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Hide House developer seeks local support

Sean Ryan
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A developer is trying to gain the trust of people who say the Hide House project threatens the neighborhood’s peace but is getting rammed through Milwaukee City Hall anyway.

General Capital Group LLP, Milwaukee, wants to tear down a part of the former tannery, now called the Hide House, and develop 60 apartments reserved for low-income people. Sig Strautmanis, a General Capital partner, on Tuesday spent three hours meeting face-to-face with Bay View residents to field questions about the project. A second open house is scheduled for Friday.

“We were very frustrated with misinformation and rumors that were filtering through the neighborhood,” Strautmanis said. “I think the best way to combat misinformation is with good information and factual information.”

The company’s plan to build the apartment is on hold after the city’s Historic Preservation Commission last month gave the building temporary historic protection that would prevent demolition for the apartment project. Strautmanis said clearing the air with neighbors will bolster General Capital’s appeal to the Milwaukee Common Council to reverse the decision.

“I don’t expect everybody to agree with me,” he said, “but if they don’t agree with me because of rumors or bad information, then no one wins.”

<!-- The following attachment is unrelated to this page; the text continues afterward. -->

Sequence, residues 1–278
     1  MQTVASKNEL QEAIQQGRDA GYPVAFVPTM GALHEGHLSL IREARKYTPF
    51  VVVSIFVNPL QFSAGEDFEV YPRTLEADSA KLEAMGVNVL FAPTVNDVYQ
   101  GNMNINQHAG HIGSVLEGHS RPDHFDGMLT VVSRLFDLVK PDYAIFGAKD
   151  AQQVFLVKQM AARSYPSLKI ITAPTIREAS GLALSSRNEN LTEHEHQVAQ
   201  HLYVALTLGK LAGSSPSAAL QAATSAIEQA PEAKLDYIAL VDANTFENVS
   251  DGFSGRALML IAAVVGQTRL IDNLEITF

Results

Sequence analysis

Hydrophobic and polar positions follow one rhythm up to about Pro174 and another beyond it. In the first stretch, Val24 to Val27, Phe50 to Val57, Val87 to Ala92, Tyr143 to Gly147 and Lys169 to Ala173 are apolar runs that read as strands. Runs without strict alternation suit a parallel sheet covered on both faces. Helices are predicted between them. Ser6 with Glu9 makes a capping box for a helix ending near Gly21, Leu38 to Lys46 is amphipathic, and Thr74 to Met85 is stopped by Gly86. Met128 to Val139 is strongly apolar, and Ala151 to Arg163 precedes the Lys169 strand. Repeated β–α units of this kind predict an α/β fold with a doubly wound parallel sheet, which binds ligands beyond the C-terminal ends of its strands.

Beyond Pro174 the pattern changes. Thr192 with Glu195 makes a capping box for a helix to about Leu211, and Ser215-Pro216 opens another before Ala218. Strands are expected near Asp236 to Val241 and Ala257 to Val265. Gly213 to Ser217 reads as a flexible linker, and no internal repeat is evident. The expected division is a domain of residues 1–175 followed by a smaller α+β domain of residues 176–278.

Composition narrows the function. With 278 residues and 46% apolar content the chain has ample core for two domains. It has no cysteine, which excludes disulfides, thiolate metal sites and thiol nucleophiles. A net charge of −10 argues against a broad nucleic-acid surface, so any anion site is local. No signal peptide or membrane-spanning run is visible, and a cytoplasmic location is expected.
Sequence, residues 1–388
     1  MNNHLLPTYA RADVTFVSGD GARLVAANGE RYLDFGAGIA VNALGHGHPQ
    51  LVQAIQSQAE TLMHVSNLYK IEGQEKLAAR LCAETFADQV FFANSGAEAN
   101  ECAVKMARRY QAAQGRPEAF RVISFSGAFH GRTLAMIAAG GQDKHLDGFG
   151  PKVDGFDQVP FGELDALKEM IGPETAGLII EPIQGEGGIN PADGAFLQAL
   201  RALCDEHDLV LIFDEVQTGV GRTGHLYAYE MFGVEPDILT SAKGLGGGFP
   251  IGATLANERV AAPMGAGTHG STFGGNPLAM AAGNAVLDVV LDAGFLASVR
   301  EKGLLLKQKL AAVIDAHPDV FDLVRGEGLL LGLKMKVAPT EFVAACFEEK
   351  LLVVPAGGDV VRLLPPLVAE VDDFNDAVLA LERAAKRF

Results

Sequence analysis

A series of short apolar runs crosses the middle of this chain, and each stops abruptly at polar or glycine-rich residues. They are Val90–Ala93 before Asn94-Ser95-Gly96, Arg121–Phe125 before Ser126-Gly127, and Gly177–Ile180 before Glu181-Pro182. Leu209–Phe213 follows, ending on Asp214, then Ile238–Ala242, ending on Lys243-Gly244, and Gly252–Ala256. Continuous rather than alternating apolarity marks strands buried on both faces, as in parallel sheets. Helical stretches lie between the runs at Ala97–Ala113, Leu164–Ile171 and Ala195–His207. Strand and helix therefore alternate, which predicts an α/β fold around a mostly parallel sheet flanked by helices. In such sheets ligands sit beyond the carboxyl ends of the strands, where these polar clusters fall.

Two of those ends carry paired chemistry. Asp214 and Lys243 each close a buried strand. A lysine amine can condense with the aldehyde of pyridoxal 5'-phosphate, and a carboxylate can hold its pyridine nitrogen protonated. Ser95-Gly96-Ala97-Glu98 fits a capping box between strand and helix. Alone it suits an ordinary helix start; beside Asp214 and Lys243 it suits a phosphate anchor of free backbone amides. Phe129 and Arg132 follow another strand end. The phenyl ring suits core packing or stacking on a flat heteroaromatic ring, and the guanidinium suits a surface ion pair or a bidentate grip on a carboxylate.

Low-income apartments, no matter how they are sugarcoated, will attract “undesirable” people, said Michael A. Lana, who lives near the Hide House. Lana said he does not trust General Capital enough to accept the company’s promise to manage the apartments properly.

“There are a lot of, a lot of, good people on fixed incomes and low incomes that would be a perfect neighbor,” Lana said. “But I really don’t know (General Capital’s) true intent.”

Twelve apartments in the Hide House Lofts have a maximum income of $14,850 for a one-person household, the lowest limit in the building, while the highest one-person income limit is $29,700, which applies to 24 units. The highest permitted income is $42,420 for a four-person household. Strautmanis said General Capital considers the apartments a steppingstone to developing condos on the Hide House property, so the company also wants to keep the area healthy.

Lana said he does not trust General Capital because the developer tried to get a building permit for the project without organizing a public meeting to discuss the plans with neighbors. He said he also thinks the project will get approved no matter what residents say.

“One their Web site, it looks nice, it really looks nice,” he said about a rendering of the project. “But is that what they’re really going to do? At this point, I really don’t trust them.”

Strautmanis said the city did not organize a formal meeting because the project did not need a zoning change, a process that requires public hearings. He said he prefers informal meetings and speaking with residents directly, as he did Tuesday.

“There is no secret relating to our concept, relating to our project, relating to our complex,” Strautmanis said.

Local Alderman Tony Zielinski said General Capital avoided his offers to organize open houses. He dismissed the open houses as a ruse intended to give the developer a better story to tell aldermen when asking them to reverse the Historic Preservation Commission decision.

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